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Consider This When You Run !
Sail Away ... Sail Away !
When you run folks, make sure you consider the following from Insider, by VRP; June 2012, written by Alicia Potee.
Venous thromboembolism (VTE) is a combination of two conditions: deep vein thrombosis (DVT), in which a clot forms and blocks off a deep vein (commonly in the legs), and pulmonary embolism (PE), in which the same clot breaks off and travels to your lung. Planes, trains and automobiles all carry this particular health hazard in common—and if you're traveling long distances by air, rail or car this summer, it's a risk you should be especially wary of.
Needless to say, VTE is life-threatening. And, unfortunately, studies show that travel times longer than four hours can double—even triple—your risk of VTE during the first week following your trip, and for up to two months after.16 What's more, every two-hour increase in
travel time boosts the threat by 18 percent, whether you're setting off by car, bus, train or plane. (Research suggests that air travelers are particularly vulnerable to VTE—and if you're male, over 40, obese, pregnant, using hormone replacement or an oral contraceptive, sit in your office for two hours or more without getting up or if you've recently had major surgery, that risk is even higher.)
The single most effective strategy to avoid VTE is to get up and move your legs at regular intervals during your trip. If you're flying by plane, walk around the cabin when you're cleared to leave your seat—if you're driving, make use of rest stops to get up and stretch out.
You should also avoid constrictive clothing around your waist, and be sure to stay hydrated by drinking plenty of water and avoiding caffeinated drinks and alcohol. Stretch out and flex your calf muscles when you aren't able to stand and walk around. And consider putting on a pair of compression stockings before you leave—research shows that these therapeutic socks can reduce risk of asymptomatic DVT significantly.
Most important, though, is recognizing the signs of trouble so that you can get help fast when you need it. If you experience warmth, redness, swelling, pain or tenderness in your legs—especially if it's accompanied by shortness of breath, dizziness, anxiety or fainting—you should seek medical attention immediately.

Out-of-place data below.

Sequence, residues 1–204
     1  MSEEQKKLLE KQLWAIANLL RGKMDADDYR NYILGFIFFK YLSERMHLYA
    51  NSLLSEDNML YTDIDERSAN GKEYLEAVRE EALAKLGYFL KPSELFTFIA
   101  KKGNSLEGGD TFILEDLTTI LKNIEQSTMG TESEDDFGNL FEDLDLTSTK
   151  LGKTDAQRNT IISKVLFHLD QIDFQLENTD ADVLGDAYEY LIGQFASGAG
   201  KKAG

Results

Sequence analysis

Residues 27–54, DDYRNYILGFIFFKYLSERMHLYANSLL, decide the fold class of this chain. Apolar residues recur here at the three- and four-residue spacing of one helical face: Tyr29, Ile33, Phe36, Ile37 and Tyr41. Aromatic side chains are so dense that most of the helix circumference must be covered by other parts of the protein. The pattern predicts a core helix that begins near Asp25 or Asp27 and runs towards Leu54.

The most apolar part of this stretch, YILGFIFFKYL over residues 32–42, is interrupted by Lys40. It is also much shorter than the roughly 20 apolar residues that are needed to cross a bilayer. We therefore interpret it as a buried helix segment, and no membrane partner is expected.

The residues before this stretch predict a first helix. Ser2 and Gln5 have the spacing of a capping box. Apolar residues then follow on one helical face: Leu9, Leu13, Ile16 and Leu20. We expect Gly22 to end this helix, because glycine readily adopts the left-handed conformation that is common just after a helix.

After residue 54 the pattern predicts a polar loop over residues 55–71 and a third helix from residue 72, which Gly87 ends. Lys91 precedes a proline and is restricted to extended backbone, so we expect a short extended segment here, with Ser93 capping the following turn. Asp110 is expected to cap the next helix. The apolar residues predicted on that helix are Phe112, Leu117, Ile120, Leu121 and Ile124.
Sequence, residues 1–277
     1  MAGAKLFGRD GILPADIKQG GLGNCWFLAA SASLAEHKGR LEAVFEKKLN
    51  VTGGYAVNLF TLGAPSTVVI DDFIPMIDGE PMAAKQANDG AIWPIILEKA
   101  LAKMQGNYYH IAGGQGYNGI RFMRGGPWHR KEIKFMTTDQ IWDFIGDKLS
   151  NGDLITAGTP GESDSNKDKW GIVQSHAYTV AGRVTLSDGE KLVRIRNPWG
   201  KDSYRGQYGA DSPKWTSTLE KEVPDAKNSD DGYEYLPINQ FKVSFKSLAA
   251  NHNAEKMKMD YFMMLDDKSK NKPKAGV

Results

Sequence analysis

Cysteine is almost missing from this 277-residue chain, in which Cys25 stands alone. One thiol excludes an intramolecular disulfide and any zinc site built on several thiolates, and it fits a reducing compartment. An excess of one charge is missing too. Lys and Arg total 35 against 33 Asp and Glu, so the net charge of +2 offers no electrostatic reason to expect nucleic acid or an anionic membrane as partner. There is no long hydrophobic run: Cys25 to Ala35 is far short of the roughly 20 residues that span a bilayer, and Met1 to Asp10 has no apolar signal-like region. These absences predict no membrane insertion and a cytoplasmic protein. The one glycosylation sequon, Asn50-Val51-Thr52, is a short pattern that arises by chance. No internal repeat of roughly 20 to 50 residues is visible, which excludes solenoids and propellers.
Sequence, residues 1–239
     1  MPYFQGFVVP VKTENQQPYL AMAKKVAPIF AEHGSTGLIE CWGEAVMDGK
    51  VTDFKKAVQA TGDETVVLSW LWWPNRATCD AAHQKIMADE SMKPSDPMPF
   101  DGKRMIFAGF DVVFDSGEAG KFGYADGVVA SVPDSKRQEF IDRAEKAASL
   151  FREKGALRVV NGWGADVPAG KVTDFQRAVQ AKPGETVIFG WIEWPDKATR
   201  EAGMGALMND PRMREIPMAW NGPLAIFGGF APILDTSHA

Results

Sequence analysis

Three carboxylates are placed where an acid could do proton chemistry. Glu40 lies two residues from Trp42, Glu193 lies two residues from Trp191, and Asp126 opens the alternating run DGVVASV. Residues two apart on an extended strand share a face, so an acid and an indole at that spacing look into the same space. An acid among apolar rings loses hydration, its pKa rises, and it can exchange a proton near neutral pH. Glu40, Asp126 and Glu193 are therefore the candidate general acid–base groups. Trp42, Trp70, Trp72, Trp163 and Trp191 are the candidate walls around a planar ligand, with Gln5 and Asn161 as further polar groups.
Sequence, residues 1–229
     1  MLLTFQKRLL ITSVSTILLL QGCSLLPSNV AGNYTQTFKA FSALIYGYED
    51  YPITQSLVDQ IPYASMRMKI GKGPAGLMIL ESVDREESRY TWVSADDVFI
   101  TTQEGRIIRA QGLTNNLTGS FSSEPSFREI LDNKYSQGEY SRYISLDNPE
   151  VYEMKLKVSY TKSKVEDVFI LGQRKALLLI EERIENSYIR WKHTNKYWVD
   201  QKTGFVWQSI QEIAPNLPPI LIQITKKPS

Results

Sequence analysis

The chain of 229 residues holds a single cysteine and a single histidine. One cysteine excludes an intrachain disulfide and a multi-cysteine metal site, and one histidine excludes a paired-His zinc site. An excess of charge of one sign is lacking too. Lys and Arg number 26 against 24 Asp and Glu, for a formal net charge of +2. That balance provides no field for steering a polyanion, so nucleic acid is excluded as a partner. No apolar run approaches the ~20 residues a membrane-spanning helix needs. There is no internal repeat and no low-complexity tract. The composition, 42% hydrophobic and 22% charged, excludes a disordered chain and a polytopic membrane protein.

Dr. "B" told us about coagulopathies recently. You do not want to form a clot because of too little water drinking! He further recommends one running in their vehicles, stop every two or three hours; get out of the vehicle and do some deep knee bends; then, walk around; then, do some more deep knee bends. Hold onto something if you have to, but, you want the exercise to cause the muscles to contract and push the blood back up to the heart. This facilitates heart action without excess exertion on the heart muscle.
"Furthermore," he cautions, "it would not be a bad idea to take an 81 mg aspirin once every three hours of sitting up to 4 equalling one regular strength aspirin. Or, just take an regular aspirin an hour into your run."
This advice is proffered because many will have extra gasoline they will be carrying and not stop until they have to refil. Remember, you will be running and not wanting to stop due to gangs, no gasoline at the pumps, and numerous other problems having occurred and developing.
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Use It Up ! Wear It Out ! Make It Do ! Or
Do Without !
The Second Ammendment!
Learn This...Memorize This...Let It Become a Part of You! Bring It Back When The Terrible Chaos Is Over...If There Is Something To Come Back To.
When You Run Soon...You'll Be Running For Your Life!
From now on, Folks, it's gonna get pretty rough! In fact, downright cussed. Mr. Ugly Is Showing Now!
But For Now...Plan To Be RunningWith Purse and Scrip—Luke 22:36And NowGet Two Guns—Luke 22:36–38Before The New Dude Won't Let You Have Them
Will This Be Part Of The Just Vengence Of A Scorned God?
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Cornell Law School]